Some studies have concluded that practicing yoga with conventional medical treatments for migraine is more effective than medical treatments alone. The practice is generally safe and cost-effective, making it an accessible self-care approach for many people with migraine.
Many MyMigraineTeam members swear by yoga as a complementary migraine-management tool. As one member shared, “A particularly dynamic and strong yoga practice helped me avoid a migraine attack — at least I think so — for the first time ever!” This member later shared: “Three days after yoga, and I am still migraine-free. Taking into account that on Saturday night, I had a few glasses of wine and got my period today, migraine-free is no small feat for me. I can’t think of any particular reason for it, apart from a lot of yoga practice.”
That said, yoga cannot replace your prescribed or doctor-recommended migraine treatments. It may serve as one helpful, supplemental self-management tool in your overall treatment plan. As with any treatment or symptom management plan, talk to your health care team before beginning yoga to help with migraine headache relief.
After getting your doctor’s go-ahead, there are some things you should keep in mind before beginning to practice yoga.
There are many different types of yoga. In addition to hatha yoga, which has been found to have stress-reducing effects, MyMigraineTeam members have recommended yin yoga — a practice focused on slow-paced yoga poses and deep-breathing exercises. Experts have also recommended restorative yoga. This form of the practice combines deep breathing with relaxed postures supported by blocks, mats, or blankets.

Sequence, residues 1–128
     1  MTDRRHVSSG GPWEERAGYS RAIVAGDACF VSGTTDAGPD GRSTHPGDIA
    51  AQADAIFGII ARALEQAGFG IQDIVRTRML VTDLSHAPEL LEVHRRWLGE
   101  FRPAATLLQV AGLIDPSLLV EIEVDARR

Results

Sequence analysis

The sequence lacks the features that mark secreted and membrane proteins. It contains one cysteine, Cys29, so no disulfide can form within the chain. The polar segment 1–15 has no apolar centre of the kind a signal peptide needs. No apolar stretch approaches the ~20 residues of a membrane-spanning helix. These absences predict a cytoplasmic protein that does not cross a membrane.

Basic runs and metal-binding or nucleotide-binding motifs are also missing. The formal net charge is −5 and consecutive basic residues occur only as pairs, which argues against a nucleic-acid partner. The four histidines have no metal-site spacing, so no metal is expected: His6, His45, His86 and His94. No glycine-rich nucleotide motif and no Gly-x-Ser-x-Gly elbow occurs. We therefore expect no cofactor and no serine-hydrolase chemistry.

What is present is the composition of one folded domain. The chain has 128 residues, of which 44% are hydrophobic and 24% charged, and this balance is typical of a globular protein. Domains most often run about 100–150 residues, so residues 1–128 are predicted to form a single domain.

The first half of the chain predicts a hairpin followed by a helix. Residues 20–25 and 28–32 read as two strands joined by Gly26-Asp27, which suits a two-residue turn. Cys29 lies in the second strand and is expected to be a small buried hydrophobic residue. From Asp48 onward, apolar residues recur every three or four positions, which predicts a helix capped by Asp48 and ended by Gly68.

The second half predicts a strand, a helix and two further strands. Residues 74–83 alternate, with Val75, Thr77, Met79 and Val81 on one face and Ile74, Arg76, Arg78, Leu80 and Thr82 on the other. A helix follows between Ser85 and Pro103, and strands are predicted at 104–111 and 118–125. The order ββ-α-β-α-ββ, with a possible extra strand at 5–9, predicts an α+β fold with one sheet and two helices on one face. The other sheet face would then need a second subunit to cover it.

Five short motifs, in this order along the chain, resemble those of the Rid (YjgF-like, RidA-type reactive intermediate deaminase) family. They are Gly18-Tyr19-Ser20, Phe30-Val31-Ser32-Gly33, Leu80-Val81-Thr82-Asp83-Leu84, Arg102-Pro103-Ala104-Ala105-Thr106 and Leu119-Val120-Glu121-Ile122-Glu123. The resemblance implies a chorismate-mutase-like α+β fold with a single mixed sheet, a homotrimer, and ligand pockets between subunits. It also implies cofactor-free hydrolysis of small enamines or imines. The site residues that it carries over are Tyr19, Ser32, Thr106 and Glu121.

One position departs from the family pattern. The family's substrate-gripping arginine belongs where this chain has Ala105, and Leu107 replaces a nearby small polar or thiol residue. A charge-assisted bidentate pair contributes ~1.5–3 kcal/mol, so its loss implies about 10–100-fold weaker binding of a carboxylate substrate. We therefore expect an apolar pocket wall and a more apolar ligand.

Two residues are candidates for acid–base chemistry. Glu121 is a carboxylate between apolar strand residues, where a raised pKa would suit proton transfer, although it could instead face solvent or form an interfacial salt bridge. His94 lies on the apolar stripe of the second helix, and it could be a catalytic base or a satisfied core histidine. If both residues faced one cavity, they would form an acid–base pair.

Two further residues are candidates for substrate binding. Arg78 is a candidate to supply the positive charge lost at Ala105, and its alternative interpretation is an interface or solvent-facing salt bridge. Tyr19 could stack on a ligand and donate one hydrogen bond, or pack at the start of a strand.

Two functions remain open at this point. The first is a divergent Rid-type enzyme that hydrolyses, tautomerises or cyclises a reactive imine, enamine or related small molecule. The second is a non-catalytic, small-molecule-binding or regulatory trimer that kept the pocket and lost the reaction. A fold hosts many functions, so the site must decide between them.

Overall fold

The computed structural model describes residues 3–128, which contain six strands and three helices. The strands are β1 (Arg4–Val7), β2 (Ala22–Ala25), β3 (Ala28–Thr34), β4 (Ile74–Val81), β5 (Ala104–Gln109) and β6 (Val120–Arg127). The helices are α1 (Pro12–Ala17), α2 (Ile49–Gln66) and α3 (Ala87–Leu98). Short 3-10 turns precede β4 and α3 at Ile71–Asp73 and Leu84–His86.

It may take some time to find the right yoga instructor and class for you, but trying out different forms of the practice can help guide you in the right direction. That said, you may want to avoid some types of yoga. Experts recommend that people with migraine avoid hot yoga — especially at very high temperatures — as well as yoga that requires vigorous activity or strenuous postures. You can also let your yoga instructor know that you experience migraines. They may be able to recommend adjustments or alternatives if certain poses cause discomfort. You can also search for appropriate yoga videos on YouTube or other platforms.
Although yoga may help some people manage their migraine symptoms, for others, the practice has the opposite effect. Approximately 22 percent of people with migraine report that exercise triggers their migraine pain. Several MyMigraineTeam members have found this to be the case. “I’ve tried yoga and massage in the past,” wrote one, “but they seem to trigger migraines.” Another member shared, “I went to my first yoga class and got some good stretching in. Came home, and boom — migraine hit me.”
If rigorous physical activity triggers your migraine attacks, you may want to start with gentle stretching or a relaxing yoga practice like hatha or yin yoga.
Living with migraine can be a daily challenge. The good news? You don’t have to go it alone. MyMigraineTeam is the social network for people with migraine and their loved ones. Here, more than 76,000 members from across the world come together to ask questions, offer advice and support, and meet others who understand life with migraine.
Have you tried practicing yoga as part of your migraine management regimen? Share your experience or tips in the comments below or by posting on MyMigraineTeam.